Automatic scaling is provided by some cloud providers in the form of a tool.  Amazon provides such a tool that will monitor the load and allow you to set triggers to determine how many instances to ramp and when.  Automatic scaling is very useful as it handles the unforeseen, but it should not be used in lieu of true capacity planning.  Auto-scaling can be dangerous.  Advanced intelligence needs to be built in to determine the different between junk or malicious activity and legitimate traffic.  For example, think of what would happen if a DoS attack was performed against your application.  Remember you pay based on the number of servers you ramp up.  A dumb auto-scaled solution could be driven to very expensive heights with a sophisticated (or maybe not so sophisticated) attack.

Under the hood, scaling works by issuing commands to the server through an API. For example, with Cloud Foundry, a vmc command will let you monitor load and add instances.  These command in-turn create JSON formatted requests that are sent to the server to give it instruction. You can also use third party tools that interface in the same fashion, or you can build in scaling intelligence directly into your own application by hitting the server API yourself.  Using the latter technique, your application can control itself, making it very intelligent.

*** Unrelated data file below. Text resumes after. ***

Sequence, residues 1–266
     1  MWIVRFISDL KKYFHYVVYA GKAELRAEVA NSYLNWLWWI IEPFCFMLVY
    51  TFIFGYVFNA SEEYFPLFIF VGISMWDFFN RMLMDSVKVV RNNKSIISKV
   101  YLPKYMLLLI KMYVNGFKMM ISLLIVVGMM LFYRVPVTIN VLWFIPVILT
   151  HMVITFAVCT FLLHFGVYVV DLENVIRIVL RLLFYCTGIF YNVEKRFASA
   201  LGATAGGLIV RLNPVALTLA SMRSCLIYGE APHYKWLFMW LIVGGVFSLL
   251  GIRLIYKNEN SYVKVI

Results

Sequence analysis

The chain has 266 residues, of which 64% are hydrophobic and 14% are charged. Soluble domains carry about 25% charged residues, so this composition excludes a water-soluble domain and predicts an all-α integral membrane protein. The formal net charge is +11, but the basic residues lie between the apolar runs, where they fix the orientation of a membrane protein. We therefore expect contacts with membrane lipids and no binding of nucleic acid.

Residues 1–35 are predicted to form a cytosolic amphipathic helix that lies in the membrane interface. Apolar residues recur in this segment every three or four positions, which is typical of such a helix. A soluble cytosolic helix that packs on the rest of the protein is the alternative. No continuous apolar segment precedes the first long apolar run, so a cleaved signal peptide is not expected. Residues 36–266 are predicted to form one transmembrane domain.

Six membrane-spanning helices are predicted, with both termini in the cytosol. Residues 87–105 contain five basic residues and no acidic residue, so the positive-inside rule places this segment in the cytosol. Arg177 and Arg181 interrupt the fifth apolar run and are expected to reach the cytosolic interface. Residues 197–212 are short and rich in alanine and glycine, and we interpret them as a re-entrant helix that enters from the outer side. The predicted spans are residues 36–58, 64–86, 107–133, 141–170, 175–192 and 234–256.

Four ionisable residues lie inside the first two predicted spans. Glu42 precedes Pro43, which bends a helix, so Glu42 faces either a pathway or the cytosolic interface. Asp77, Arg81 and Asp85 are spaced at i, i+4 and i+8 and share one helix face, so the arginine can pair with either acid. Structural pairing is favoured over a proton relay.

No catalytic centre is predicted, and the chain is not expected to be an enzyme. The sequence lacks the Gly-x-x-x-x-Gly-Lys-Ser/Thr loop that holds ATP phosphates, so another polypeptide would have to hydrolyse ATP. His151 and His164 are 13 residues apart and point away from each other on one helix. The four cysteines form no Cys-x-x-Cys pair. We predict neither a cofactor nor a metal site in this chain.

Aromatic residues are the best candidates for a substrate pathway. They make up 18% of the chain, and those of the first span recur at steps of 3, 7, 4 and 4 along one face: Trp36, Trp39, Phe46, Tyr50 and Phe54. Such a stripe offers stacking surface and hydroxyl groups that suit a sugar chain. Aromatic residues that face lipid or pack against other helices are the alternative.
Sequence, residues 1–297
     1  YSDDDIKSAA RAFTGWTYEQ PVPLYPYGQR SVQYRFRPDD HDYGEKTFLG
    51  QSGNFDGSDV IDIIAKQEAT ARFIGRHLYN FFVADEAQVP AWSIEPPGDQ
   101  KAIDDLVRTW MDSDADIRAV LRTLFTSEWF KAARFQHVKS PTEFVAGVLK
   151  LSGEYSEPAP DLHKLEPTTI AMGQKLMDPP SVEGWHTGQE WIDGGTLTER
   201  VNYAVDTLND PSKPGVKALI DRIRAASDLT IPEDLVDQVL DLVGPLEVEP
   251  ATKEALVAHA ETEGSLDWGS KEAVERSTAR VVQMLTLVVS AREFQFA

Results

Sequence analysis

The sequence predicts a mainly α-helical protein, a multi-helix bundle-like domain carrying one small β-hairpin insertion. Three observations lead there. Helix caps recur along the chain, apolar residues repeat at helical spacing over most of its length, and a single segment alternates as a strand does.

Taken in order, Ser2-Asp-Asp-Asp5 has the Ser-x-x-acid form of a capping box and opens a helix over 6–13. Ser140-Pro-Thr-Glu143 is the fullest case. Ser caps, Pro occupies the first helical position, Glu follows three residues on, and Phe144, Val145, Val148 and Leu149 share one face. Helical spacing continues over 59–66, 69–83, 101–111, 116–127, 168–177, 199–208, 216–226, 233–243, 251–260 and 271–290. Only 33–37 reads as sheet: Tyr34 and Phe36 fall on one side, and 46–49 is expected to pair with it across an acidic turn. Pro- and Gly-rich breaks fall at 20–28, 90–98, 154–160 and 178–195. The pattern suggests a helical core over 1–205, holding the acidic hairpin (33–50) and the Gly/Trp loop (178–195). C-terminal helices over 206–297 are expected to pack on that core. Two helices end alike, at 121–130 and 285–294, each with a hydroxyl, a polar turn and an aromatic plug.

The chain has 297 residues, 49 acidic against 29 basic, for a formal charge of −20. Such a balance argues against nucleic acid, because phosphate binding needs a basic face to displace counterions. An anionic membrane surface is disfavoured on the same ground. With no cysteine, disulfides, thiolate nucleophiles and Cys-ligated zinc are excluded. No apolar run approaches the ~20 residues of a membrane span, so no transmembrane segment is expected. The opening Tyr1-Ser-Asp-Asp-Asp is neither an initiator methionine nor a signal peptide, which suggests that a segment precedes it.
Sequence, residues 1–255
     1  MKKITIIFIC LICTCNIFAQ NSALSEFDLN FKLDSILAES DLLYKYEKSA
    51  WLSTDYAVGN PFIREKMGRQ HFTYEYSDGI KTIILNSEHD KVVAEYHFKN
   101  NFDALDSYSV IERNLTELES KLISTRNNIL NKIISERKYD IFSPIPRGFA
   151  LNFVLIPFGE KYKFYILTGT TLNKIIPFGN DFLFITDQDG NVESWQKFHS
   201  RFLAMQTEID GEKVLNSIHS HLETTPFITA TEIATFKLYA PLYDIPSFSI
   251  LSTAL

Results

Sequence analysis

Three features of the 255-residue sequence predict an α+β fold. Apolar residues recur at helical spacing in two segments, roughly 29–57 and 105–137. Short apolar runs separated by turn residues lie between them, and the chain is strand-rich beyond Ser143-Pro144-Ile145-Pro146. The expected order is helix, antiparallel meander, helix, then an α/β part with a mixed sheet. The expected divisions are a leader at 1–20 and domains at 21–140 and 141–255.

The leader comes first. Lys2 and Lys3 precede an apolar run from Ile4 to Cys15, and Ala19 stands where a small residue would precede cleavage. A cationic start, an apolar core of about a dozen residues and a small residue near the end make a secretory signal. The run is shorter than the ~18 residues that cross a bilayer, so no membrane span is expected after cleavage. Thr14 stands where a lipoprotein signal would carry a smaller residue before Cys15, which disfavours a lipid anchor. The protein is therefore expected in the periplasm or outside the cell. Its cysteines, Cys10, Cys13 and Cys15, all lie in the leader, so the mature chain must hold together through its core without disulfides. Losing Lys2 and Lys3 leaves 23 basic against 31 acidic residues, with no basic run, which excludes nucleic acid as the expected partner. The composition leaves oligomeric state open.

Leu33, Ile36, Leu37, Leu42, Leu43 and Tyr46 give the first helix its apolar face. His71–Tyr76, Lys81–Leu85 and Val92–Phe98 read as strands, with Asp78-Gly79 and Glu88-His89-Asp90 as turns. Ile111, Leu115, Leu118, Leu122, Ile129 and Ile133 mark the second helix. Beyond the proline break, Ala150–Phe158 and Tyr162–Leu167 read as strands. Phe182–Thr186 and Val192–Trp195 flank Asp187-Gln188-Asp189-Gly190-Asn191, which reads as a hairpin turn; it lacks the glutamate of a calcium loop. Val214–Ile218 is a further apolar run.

Conclusion

Regardless of how you see the cloud and how you utilize it, the endgame for your organization should be to offload the burden from your internal staff, decrease your expenses, provide greater uptime and flexibility and give you the ability to scale dynamically.  That's what the Cloud is really all about.

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Tags: Cloud, PaaS, SaaS
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About the author

Chris Hardin

I've been an architect for Java, .NET and a mobile developer for Android and iOS. I love technology, gadgets and software.